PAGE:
Mr. Raynsford: I offer the apologies of my hon. Friend the Under-Secretary, who cannot be with us for the rest of this afternoon's sitting because of a longstanding commitment to enlighten the boys of Harrow school. There is no limit to New Labour's ambition and I wish him every success.

Mr. Clifton-Brown: As my son is one of those boys being enlightened, I wonder whether I will be able truly to testify whether he has been.

Mr. Raynsford: I will not be tempted to down that route because I fear it might be ruled out of order. I look forward to hearing privately the judgment of the hon. Gentleman's son on my hon. Friend.

Clause 2 sets out who will be responsible for marketing and property, and who is therefore responsible for the seller's pack obligations. It establishes that the seller is not responsible for providing a copy of the seller's pack where an agent is marketing on his behalf. We want potential buyers to be able to have a copy or part of the pack if they want it and are prepared to pay a reasonable fee for copying costs. Potential buyers will often want to show a copy to their legal representatives for example, or to look at the contents at leisure in the privacy of their own homes. That is fair enough, but we can foresee circumstances in which the seller or his agent should be able to turn down such requests without incurring a penalty.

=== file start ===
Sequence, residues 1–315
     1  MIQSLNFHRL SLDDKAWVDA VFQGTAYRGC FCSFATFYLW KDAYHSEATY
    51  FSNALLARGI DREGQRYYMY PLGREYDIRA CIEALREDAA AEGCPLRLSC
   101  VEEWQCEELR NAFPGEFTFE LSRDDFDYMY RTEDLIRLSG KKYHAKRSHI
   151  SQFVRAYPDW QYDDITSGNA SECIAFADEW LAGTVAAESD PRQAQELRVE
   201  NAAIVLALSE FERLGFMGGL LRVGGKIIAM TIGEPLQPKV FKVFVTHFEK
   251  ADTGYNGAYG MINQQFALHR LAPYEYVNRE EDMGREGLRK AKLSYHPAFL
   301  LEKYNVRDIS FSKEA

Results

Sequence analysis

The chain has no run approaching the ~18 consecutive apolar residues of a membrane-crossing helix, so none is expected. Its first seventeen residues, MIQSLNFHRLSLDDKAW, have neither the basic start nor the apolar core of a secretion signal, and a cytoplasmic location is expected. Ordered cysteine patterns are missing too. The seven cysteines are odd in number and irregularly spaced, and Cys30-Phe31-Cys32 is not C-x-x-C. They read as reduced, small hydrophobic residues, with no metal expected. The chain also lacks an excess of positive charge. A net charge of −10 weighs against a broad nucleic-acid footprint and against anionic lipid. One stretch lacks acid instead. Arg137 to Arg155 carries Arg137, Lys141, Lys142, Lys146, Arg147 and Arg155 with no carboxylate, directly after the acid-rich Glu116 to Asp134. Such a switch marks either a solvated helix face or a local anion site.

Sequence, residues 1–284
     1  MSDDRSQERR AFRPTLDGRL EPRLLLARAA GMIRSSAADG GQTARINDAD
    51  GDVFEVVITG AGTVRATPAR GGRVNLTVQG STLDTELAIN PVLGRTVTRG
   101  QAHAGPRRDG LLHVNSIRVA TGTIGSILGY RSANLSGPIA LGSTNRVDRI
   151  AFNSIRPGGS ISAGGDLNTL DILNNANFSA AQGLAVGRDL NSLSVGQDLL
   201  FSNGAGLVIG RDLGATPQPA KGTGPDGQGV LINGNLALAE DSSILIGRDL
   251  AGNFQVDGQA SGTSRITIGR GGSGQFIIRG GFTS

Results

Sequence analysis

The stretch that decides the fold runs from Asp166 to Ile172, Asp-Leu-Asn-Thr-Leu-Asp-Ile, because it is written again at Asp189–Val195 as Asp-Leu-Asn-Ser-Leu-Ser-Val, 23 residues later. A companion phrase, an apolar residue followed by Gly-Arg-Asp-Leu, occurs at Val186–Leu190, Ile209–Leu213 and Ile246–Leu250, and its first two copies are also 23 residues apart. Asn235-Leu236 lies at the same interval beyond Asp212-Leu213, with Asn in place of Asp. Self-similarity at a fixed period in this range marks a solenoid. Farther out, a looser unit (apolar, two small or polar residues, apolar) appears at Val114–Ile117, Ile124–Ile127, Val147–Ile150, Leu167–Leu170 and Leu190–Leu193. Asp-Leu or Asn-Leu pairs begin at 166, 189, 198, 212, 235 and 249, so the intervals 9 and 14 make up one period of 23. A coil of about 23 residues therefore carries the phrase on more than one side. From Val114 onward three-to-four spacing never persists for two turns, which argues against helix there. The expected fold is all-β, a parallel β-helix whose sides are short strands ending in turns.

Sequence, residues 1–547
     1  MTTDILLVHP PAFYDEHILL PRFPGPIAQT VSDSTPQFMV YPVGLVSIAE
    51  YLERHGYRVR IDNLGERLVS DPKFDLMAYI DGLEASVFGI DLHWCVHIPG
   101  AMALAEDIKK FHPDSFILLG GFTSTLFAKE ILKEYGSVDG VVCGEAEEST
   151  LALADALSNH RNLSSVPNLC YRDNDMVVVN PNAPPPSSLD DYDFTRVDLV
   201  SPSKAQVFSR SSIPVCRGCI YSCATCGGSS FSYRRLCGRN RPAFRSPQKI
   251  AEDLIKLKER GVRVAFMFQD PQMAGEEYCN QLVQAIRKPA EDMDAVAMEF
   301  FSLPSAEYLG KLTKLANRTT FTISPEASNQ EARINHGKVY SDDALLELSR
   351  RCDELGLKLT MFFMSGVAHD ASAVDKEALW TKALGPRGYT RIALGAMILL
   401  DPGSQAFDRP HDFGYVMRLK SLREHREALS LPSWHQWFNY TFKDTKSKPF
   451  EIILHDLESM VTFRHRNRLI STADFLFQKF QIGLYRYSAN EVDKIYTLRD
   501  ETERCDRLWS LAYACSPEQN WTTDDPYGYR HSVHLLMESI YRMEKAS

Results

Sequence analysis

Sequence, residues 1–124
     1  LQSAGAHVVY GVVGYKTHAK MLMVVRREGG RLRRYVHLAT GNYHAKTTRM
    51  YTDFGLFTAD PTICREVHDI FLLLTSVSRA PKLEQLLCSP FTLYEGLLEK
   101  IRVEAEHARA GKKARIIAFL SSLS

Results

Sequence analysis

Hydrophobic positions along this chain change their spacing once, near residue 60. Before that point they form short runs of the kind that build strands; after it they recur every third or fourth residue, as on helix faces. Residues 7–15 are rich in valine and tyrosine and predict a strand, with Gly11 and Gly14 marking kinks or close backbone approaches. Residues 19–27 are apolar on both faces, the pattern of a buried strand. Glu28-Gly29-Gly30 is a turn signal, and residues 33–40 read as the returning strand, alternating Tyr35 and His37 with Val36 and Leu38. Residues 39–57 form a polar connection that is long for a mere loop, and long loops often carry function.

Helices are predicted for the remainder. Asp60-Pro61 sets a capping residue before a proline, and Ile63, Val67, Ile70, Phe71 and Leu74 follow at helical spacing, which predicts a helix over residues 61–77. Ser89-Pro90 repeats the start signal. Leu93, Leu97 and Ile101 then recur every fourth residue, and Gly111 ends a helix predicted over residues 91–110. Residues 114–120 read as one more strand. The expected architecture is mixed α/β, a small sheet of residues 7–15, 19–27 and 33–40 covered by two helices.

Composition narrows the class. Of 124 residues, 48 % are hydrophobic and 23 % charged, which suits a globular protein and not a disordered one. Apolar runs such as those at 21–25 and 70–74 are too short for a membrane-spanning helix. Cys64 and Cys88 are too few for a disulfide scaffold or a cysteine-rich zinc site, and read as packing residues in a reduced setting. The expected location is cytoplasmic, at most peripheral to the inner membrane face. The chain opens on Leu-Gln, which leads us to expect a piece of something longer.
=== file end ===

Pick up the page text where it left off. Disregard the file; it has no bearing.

Clause 3(3) sets out three possible reasons for so doing. The first defence allows the seller, or the seller's agent, to refuse to provide copies if there are reasonable grounds to believe the person could not afford the property in question. That relates to the issue raised by the hon. Member for Cotswold. The agent might know, for example, the financial circumstances of the person in question as a result of a previous failed transaction, and would therefore be quite clear that there was no possibility of this person being able to proceed.

The Chairman: Order. I thought I heard the Minister refer to clauses 2 and 3. If that is the case, can he confirm it?